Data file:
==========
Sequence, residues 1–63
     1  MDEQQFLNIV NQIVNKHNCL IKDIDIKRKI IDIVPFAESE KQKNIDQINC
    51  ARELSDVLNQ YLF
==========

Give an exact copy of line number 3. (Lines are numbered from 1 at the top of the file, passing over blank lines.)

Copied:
    51  ARELSDVLNQ YLF